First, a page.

Non-landed properties are strata properties where homeowners do not have ownership over the land under the development. They include condominiums and apartments which usually share common facilities and amenities.


Credits: Parc Esta

Condominiums are large property complexes (minimum 4000sqm) that consist of individual units, with recreational facilities such as gyms and swimming pools shared by all residents. Other than individual apartments, condominiums may also consist of landed properties. For instance, new condominium developments such as Affinity at Serangoon and Parc Clematis both consist of strata landed properties. One thing to take note for strata landed properties is that the owner does not own the land.


Credits: Haus on Handy/CDL

Compared to condominiums, apartments are typically part of smaller developments and come with fewer recreational facilities. Price wise, apartments are usually at a price range between private condos/landed housing and HDB flats.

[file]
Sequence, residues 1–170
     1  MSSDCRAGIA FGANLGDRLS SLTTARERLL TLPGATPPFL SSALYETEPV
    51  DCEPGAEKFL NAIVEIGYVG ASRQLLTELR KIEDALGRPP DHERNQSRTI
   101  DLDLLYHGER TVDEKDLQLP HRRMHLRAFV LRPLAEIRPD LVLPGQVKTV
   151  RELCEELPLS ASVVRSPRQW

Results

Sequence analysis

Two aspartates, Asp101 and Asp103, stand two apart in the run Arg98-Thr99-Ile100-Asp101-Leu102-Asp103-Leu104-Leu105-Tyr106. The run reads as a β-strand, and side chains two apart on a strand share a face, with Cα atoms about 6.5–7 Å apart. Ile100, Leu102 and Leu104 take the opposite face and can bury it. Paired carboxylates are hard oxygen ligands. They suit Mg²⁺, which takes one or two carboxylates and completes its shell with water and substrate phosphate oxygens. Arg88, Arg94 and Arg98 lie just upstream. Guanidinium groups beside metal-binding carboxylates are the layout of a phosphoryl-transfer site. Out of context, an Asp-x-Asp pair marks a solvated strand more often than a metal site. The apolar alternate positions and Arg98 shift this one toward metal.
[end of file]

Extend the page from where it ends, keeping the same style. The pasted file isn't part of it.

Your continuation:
Credits: Google Maps

Walk-up apartments are low-rise residential buildings with no lifts but only staircases. They typically have 2-6 floors, although some buildings might have more floors.

Cluster Houses

Credits: Parkwood Collection

Clustered together, these residences are exactly what their names suggest. They are similar to condominium projects but can consist of terraced houses, semi-detached, and bungalows. Like condominiums, all residents have access to communal facilities such as gyms and swimming pools.


Credits: Kingsford Development

Not to be confused with cluster houses, townhouses are hybrids between condominiums and landed terrace houses that enjoy shared access to condo-like amenities. Townhouses can form an entire estate or be part of a larger condominium establishment.

3. Landed Properties

In Singapore, landed properties refer to properties that are attached directly to the land that you purchase. This means that you own the land where your property stands. Landed properties are therefore among the most expensive residential properties here and are considered symbols of status and wealth.


Credits: VisitSingapore